An Anchor Books Original
Seventy-four distinguished writers tell personal tales of books loved and lost-great books overlooked, under-read, out of print, stolen, scorned, extinct, or otherwise out of commission.
Compiled by the editors of "Brick: A Literary Magazine," Lost Classics""is a reader's delight: an intriguing and entertaining collection of eulogies for lost books. As the editors have written in a joint introduction to the book, "being lovers of books, we've pulled a scent of these absences behind us our whole reading lives, telling people about books that exist only on our own shelves, or even just in our own memory." Anyone who has ever been changed by a book will find kindred spirits in the pages of Lost Classics.
Each of the editors has contributed a lost book essay to this collection, including Michael Ondaatje on Sri Lankan filmmaker Tissa Abeysekara's Bringing Tony Home, a novella about a mutual era of childhood. Also included are Margaret Atwood on sex and death in the scandalous Doctor Glas, first published in Sweden in 1905; Russell Banks on the off-beat travelogue Too Late to Turn Back by Barbara Greene-the "slightly ditzy" cousin of Graham; Bill Richardson on a children's book for adults by Russell Hoban; Ronald Wright on William Golding's Pincher Martin; Caryl Phillips on Michael Mac Liammoir's account of his experiences on the set of Orson Welles's Othello, and much, much more.
About the Author
Michael Ondaatje was born in Ceylon (now Sri Lanka) in 1943. He moved first to England and then, in 1962, to Canada, where he has taught at the University of Western Ontario, London, and Glendon College, Toronto. A poet and novelist, he has had a continuing interest in theatre, film and publishing. His novel "The English Patient" (1992) won the Trillium Award, the Governor General's Award, and the Booker Prize, and it was made into a successful film. "The Passions of Lalla" won the fiction award in the 1982 CBC Canadian Literary Awards and was published in "Running in the Family" (1982).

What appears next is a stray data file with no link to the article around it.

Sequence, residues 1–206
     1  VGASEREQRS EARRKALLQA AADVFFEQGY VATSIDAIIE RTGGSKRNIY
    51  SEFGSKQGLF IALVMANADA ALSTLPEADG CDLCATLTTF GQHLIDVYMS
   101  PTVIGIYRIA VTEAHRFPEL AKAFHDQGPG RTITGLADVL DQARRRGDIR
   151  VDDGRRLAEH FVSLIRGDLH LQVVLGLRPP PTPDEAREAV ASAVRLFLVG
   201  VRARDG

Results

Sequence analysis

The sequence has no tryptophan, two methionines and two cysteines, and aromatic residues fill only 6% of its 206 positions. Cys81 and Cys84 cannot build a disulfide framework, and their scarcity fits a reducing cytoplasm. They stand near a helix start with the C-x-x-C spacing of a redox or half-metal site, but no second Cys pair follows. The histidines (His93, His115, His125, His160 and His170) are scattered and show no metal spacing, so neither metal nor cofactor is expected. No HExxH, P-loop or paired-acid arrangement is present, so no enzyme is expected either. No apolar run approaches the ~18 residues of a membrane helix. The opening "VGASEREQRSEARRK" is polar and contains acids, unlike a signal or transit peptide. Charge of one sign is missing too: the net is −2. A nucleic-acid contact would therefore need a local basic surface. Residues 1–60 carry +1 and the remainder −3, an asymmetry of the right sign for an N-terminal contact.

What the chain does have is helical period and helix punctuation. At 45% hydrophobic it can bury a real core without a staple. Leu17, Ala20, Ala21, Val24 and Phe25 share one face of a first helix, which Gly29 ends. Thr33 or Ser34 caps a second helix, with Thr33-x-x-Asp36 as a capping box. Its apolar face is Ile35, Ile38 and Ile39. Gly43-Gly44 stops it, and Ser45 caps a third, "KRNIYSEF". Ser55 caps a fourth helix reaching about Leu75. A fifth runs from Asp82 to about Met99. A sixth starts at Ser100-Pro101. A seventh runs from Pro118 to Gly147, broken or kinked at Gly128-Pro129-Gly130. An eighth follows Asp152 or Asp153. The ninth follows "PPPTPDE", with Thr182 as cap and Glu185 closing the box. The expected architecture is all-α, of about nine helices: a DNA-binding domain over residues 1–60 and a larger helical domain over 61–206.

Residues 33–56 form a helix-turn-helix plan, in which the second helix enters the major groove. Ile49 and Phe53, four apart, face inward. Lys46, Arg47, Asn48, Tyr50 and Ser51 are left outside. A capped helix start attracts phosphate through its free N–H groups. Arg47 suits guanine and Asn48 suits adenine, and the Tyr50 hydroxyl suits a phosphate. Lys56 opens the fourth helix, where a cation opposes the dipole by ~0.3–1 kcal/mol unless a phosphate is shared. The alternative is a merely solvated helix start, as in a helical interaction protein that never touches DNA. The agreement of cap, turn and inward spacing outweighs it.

Linda Spalding is the author of two novels, "Daughters of Captain Cook" and "The Paper Wife". Born in Kansas, she has lived in Mexico, Japan, and Hawaii. She lives now in Toronto, where she is the editor of "Brick: A Literary Journal."
Michael Redhill is the publisher and one of the editors of Brick, a literary magazine, and the author of the novel Martin Sloane, a finalist for the 2001 Giller Prize, and the short story collection Fidelity. He has also written four poetry collections, including Asphodel, published in 1997, and Light-Crossing, published in 2001. His most recent works for the theatre are "Goodness" and "Building Jerusalem," winner of a Dora Award.
Consolation, Redhill's second novel, was shortlisted for the 2007 Toronto Book Award. In an interview with the "Edmonton Journal," he described how he was inspired by a real photograph taken in thirteen parts in the winter of 1856 as part of a campaign to entice Queen Victoria to choose the city as the capital of pre-Confederation Canada: "I knew there was something in the pictures I wanted to write about. But the more I scribbled things down, the more I began to recognize a resonance between that dead city, no stitch of which exists anymore, and modern Toronto. The attitude and striving is still prevalent." He adds: "It's a strange, self-loathing city that at the same time is constantly striving to be world class and noticed. The city never tends to think about its own needs; it thinks about what other people might find impressive."
Michael Redhill lives with his partner and their two sons in France.
"From the Hardcover edition."
"Anecdotal, revealing, nostalgic, brief, insightful ... more than 70 nuggets of literary gold, a bibliophile's gleaming treasure trove.... Lost Classics is a warming and beautiful act of memory and homage." —Ottawa Citizen
“A delightful companion…wonderfully wide-ranging, charmingly designed and hugely entertaining.... [Lost Classics is] a collective conversation about reading that matters.” — The Globe and Mail